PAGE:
The opinion of the court was delivered by: BYERS
This is a motion by the defendant United States of America, in a negligence case, to dismiss as against Frank W. Jackson, also named as a defendant (who was driving the truck owned and operated by the former which is said to have caused the plaintiff's injury), on the ground that jurisdiction does not pertain since he is a resident of New York State, as is the plaintiff; and that the Federal Tort Claims Act, 28 U.S.C.A. § 921 et seq., 'does not allow an individual defendant to be joined with the United States of America as a party defendant'.
The motion is supported by an affidavit by Jackson as to his permanent residence in this State, but is not made by him or by his attorney, and apparently he has not appeared in the action.
The Government is thus somewhat adroitly presenting on behalf of Jackson that which he could be expected to assert for himself, which means that the motion is not the entirely disinterested effort that it might seem to be.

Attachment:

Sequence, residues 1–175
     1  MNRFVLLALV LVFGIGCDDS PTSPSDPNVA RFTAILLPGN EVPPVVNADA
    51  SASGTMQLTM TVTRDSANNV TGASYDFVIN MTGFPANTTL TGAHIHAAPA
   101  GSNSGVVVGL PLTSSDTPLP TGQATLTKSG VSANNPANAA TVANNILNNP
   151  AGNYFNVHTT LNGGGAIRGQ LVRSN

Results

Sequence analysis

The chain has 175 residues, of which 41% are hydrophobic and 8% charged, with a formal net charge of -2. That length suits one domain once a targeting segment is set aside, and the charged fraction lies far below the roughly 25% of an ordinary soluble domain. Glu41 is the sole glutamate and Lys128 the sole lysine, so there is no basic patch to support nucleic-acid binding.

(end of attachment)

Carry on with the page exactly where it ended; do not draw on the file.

Jackson could not even have been brought into the case as a third party defendant, at the instance of the Government, had the latter alone been named as defendant, since contribution among tort-feasors in New York does not arise until a judgment has been recovered. Baltimore & Ohio Railroad Co. v. Saunders et al., 4 Cir., 159 F.2d 481.
There was no assertion, at argument for the plaintiff, that this court would have had jurisdiction over Jackson, had the action been against him only, and indeed it is difficult to understand any practical reason for naming him at all, since it could scarcely be urged that the Government is not financially responsible and able to meet any judgment that the plaintiff may recover -- at least within the predictable future.
The motion to dismiss must be granted on the first ground, upon the assumption that the Government can make it, and has made it, on behalf of Jackson, and not on its own account and as a means of obliquely establishing that there can be no liability under the Act on the part of the Government where it is charged to have been a joint tort-feasor.
That subject has been discussed in the interesting opinion of Judge Chestnut in Englehardt v. United States et al., D.C., 69 F.Supp. 451, and in 35 Georgetown Law Journal, p. 1, and 56 Yale Law Journal 534 at 554 et seq.
It is unnecessary to reach that point in the disposition of this motion, and it is therefore reserved for decision until the appropriate occasion arises.
Motion granted. Settle order.
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